Is the financial advisor the solution?
by Eric HendersonMr. Henderson is President of Nationwide Annuity. Visit www.nationwide.com.
This past December, the Federal Reserve raised interest rates by half a percentage point, the latest hike in its fight against inflation. Rising rates have compounded the issue of U.S. national debt, which exceeded $31 trillion for the first time in October 2022, leaving many investors feeling the pressure of a volatile market.
On Wall Street, concerns surrounding America’s mounting debt load have diminished confidence in the government’s ability to repay what it owes. Facing a potential recession and persistent market volatility, investors, especially those approaching retirement, are anxious. According to Nationwide’s eighth annual Advisor Authority survey, powered by the Nationwide Retirement Institute, one third of advisors (34%) say their pre- and recently retired clients are canceling or delaying retirement.
Advisors and financial professionals today are in a crucial position to help clients and prospects prepare for the considerations and realities of life after retirement. As market conditions and retirement portfolios fluctuate, advisors may offer peace of mind and sound financial advice, from discussing inflation in personal terms and reviewing the history of capital markets, to offering solutions that safeguard against market loss and mitigate longevity risk, like annuities.
Economic Trends Stoke Retirement Fears
Investors today have a lot on their minds—namely inflation, which has led 38% of women and 26% of men to rethink when they can retire. In addition, signs of inflation and recession are leading investors to rethink where they can retire, though women are more concerned than men (44% vs. 28%).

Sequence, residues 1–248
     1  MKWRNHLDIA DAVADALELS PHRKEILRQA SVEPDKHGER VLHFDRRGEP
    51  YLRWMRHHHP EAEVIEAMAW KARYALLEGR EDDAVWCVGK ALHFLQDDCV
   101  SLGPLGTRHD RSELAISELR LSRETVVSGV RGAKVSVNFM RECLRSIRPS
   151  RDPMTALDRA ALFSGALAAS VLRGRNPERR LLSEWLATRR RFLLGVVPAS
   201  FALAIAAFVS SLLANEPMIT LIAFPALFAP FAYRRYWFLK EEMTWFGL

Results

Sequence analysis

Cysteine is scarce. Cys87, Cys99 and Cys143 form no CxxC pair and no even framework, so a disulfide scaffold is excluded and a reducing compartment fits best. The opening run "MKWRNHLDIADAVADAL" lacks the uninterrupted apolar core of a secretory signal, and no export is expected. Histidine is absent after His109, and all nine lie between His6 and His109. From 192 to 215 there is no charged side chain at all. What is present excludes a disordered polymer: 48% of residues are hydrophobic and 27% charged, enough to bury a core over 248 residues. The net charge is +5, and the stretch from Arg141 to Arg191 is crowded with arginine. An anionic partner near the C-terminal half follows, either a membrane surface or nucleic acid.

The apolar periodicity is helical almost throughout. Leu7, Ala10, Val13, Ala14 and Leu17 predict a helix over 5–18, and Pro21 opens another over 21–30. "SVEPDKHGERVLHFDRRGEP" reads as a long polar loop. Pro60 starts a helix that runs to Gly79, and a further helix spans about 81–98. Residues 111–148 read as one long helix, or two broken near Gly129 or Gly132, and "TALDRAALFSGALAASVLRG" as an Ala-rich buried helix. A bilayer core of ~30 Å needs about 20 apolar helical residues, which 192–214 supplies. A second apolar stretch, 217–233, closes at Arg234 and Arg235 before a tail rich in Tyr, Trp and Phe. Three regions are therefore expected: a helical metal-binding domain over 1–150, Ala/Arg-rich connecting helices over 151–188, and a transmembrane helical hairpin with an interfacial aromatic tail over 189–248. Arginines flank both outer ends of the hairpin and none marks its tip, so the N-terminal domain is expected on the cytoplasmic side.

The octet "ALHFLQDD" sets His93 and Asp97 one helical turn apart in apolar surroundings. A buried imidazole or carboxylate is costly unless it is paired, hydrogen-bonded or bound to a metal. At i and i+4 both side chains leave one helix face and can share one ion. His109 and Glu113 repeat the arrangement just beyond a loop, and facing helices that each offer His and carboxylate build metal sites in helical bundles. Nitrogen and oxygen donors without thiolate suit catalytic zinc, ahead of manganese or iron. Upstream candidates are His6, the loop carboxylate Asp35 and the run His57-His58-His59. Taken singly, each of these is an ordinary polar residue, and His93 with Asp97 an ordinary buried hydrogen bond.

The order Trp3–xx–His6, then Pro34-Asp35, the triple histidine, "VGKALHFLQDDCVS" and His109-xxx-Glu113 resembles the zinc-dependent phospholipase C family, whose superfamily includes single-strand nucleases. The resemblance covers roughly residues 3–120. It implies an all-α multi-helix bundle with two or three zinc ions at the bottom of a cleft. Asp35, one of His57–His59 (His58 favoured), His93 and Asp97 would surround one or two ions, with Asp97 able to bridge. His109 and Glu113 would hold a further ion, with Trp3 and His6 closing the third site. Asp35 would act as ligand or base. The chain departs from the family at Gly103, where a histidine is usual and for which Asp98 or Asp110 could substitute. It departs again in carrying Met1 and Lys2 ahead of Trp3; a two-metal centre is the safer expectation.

The threat of a recession has also created anxiety around investors’ ability to achieve their long-term retirement goals. A majority (51%) of investors who are not retired say they are terrified about their long-term and post-retirement financial futures, with nearly half (43%) checking their retirement account balances more than three times a week in today’s volatile market. This habit is more common among women than men (53% vs. 34%), even though men are slightly more likely to say they are terrified about their long-term financial futures than women (55% vs. 49%, respectively).
There is no doubt that client anxiety is at an all-time high, but perspectives differ between men and women who are not retired. Men (45%) are marginally more likely to say that they are nervous about their post-retirement financial future than women (38%) and women are twice as likely to say their retirement expectations will change significantly if the U.S. economy enters a significant downturn (37% vs. 19%).
The economic concerns of the moment can lead to short-sighted, emotional decisions that could have a negative long-term impact on financial plans. As we start a new year, now is a great time to sit down with clients and keep them on a productive retirement path by helping them establish a long-term plan or revisit the plans already in place to ensure alignment with their goals in a changing environment.
Advisors Can Help Clients Navigate Choppy Waters in 2023